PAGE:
Why did they do it?

What was the spark which so set alight the thought of the early disciples that they set out to give Christianity to a hostile pagan world? What was it that made them get up and go? After all, they were perfectly aware they faced persecution and possible death.

It was more than a desire to heal, though they healed as they went. It was more than love for their neighbors, though they must have loved them or they would not have succeeded in their mission. One is tempted to offer "truth" as the answer, but that still leaves the real reason obscure. If one does not already see the answer, one wonders how one could possibly have missed it or lost sight of it.

To recapture something of the original impact: imagine that we, too, are on the road to Emmaus, returning home, totally discouraged. All is lost: the Master, the promised Messiah, is dead, crucified; all hope is surely gone! We talk over the tragic events of the last three days, our hopelessness increasing with every hour. Imagine that incredible moment when we suddenly realize that the stranger who has joined us is Christ Jesus himself —alive!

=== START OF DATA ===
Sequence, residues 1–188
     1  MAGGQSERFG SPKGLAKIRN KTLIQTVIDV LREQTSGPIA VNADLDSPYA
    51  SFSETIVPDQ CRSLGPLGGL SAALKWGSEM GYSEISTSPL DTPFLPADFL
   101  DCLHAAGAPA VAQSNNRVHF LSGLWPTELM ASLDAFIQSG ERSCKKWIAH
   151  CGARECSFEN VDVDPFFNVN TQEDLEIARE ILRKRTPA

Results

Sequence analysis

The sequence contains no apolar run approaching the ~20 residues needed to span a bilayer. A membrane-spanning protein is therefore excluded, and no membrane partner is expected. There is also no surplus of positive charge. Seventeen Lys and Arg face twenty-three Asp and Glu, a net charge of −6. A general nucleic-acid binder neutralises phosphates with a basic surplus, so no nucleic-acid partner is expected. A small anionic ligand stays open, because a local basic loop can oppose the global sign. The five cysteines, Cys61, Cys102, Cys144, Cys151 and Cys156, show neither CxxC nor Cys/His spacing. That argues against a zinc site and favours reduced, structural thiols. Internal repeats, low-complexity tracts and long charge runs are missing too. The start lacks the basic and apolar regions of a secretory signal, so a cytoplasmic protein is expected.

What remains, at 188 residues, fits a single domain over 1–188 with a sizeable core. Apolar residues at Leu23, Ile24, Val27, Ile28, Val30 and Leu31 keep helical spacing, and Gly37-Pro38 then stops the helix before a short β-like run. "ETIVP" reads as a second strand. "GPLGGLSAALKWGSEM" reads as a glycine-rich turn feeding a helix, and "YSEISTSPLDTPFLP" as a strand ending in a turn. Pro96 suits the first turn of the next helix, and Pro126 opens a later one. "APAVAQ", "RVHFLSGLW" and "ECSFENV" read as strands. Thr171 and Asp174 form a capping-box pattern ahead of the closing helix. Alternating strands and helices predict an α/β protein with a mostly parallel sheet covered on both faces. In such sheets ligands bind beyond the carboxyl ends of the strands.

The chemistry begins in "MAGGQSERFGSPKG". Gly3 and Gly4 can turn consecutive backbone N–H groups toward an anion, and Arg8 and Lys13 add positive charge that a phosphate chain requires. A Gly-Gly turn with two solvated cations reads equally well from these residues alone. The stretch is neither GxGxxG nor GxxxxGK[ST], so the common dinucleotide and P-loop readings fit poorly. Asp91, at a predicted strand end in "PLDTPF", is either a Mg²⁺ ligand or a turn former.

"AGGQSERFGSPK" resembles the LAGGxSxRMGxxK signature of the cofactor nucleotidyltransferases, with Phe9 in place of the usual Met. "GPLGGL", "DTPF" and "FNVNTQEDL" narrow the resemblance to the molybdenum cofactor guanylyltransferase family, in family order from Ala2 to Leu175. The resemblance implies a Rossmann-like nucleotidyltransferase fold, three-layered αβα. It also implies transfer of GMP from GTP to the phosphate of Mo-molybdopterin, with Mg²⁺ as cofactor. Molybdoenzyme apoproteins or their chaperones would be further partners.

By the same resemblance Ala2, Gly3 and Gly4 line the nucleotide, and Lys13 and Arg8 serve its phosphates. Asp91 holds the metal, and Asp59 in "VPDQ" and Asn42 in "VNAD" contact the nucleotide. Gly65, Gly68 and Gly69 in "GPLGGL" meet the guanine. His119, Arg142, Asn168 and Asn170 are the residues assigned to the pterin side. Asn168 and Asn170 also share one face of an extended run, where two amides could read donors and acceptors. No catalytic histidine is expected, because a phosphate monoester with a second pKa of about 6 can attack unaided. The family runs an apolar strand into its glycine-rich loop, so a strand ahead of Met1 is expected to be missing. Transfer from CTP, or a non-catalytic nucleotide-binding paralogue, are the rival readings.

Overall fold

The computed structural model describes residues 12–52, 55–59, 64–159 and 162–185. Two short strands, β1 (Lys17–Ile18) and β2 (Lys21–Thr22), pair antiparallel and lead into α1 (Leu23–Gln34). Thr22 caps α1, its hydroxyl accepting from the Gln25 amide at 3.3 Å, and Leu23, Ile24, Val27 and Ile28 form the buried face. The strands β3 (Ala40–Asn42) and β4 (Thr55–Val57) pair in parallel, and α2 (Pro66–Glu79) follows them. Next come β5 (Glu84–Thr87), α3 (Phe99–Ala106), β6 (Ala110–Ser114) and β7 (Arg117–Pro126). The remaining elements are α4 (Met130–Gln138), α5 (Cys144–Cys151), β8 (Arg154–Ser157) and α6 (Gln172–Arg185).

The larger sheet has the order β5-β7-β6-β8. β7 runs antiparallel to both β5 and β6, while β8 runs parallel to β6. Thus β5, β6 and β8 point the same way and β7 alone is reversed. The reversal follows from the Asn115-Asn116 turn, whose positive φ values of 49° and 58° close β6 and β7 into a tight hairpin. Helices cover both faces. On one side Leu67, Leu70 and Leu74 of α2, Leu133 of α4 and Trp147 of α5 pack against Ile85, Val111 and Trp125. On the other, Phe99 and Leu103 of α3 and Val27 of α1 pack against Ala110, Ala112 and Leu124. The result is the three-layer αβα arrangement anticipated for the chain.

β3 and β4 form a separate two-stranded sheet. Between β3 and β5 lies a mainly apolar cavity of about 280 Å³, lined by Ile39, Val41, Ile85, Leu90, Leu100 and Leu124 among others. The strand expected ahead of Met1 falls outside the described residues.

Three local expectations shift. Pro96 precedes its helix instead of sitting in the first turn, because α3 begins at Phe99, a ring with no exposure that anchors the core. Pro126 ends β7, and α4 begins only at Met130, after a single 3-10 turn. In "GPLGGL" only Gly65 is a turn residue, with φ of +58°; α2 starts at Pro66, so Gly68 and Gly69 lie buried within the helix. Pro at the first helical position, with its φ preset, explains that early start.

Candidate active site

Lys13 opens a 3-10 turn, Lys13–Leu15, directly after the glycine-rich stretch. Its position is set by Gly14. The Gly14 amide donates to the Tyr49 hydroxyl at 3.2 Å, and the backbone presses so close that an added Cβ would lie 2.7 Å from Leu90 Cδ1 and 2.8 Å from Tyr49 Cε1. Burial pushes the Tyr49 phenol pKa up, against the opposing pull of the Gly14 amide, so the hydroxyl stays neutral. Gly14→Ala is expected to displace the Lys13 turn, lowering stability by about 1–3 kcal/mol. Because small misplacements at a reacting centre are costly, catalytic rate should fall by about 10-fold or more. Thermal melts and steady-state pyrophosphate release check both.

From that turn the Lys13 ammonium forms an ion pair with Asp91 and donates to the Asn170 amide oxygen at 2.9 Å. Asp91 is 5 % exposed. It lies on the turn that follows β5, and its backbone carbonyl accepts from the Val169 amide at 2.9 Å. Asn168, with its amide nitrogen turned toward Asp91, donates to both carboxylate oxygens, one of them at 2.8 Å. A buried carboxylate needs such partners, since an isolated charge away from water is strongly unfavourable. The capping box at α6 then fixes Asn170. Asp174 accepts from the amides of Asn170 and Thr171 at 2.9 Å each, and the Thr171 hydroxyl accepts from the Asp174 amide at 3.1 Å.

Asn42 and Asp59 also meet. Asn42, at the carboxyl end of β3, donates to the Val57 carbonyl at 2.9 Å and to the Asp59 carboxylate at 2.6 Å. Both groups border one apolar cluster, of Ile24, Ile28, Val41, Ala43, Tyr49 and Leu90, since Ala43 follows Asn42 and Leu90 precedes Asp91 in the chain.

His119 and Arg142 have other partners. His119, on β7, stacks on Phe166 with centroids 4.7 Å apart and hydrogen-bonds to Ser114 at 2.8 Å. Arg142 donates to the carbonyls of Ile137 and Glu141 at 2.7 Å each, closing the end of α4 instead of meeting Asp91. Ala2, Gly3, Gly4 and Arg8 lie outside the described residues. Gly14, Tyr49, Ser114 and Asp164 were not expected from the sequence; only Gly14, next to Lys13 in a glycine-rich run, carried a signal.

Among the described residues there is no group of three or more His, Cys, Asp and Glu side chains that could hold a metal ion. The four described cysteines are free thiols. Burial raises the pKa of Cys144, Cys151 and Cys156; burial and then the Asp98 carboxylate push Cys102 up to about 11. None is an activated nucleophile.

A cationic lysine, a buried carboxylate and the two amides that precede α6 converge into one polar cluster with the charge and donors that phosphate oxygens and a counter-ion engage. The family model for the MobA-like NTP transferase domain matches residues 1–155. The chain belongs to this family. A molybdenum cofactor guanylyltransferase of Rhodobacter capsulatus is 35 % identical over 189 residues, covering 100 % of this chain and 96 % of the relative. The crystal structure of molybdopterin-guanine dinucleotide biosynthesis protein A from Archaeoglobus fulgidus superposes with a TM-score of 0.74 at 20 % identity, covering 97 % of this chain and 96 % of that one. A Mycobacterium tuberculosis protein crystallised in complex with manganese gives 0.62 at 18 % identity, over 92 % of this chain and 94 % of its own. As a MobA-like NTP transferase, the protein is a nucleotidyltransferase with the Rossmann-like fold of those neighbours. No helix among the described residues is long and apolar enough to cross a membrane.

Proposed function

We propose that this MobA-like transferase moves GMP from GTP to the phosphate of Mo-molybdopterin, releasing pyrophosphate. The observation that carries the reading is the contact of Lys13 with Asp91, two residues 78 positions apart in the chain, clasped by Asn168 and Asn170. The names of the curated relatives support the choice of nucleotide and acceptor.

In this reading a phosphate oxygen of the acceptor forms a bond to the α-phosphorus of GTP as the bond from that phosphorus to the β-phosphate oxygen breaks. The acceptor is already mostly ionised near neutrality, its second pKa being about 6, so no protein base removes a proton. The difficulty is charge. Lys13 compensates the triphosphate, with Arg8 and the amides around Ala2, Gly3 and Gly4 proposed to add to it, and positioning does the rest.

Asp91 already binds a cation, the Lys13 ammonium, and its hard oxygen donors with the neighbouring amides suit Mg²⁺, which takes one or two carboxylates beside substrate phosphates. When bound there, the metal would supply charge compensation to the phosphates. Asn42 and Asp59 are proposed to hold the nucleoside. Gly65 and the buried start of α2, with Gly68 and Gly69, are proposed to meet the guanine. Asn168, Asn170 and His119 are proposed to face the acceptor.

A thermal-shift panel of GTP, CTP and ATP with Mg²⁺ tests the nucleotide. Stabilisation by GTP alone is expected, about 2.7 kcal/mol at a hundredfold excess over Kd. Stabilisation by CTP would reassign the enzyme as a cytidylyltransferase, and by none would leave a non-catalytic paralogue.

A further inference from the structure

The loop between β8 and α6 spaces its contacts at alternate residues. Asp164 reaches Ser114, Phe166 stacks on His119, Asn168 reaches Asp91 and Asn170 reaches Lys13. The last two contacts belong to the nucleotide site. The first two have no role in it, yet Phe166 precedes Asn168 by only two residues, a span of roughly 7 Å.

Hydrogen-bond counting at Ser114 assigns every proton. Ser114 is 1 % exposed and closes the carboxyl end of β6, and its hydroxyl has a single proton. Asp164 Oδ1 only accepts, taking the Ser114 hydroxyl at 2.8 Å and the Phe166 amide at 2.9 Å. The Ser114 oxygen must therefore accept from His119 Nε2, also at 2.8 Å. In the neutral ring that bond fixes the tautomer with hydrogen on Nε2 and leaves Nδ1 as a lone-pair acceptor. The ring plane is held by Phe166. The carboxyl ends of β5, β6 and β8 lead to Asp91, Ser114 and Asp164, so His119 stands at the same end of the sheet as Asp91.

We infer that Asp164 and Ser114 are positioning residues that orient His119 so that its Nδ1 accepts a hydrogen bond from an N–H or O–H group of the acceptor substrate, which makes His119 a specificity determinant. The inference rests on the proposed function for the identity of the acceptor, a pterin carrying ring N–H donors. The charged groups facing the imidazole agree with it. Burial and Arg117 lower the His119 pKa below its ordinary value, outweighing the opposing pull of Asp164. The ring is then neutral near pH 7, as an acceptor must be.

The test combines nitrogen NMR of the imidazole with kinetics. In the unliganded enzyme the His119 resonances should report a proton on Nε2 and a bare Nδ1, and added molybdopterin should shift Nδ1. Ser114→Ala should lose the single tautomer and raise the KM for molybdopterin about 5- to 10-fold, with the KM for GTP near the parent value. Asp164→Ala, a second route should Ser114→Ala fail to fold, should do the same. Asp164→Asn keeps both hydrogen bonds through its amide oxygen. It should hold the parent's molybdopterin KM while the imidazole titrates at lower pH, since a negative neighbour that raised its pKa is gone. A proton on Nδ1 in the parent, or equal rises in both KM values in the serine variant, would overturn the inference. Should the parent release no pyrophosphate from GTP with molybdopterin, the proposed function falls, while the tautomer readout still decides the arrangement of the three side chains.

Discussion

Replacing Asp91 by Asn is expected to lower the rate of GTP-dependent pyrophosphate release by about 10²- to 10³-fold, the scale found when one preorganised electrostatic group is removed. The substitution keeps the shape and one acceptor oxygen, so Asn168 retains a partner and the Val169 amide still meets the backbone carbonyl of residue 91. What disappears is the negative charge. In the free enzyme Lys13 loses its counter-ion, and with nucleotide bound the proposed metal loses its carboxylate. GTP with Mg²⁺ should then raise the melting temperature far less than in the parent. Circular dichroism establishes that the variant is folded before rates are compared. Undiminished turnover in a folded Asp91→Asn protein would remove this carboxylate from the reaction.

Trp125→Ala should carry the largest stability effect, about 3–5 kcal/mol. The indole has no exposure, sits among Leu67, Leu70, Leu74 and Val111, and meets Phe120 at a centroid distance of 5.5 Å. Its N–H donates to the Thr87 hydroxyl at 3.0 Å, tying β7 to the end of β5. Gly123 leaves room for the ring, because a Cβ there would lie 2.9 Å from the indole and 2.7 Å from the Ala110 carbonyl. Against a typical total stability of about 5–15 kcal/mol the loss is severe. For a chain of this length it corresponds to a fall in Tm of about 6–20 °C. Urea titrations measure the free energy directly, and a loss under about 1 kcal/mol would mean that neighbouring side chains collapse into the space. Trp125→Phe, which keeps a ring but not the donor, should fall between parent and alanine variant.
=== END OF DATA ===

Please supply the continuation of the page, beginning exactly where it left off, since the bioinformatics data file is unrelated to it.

Enjoy 1 free Sentinel article or audio program each month, including content from 1898 to today.

"Man is not a pendulum..."
April 5, 1982

We'd love to hear from you!

Easily submit your testimonies, articles, and poems online.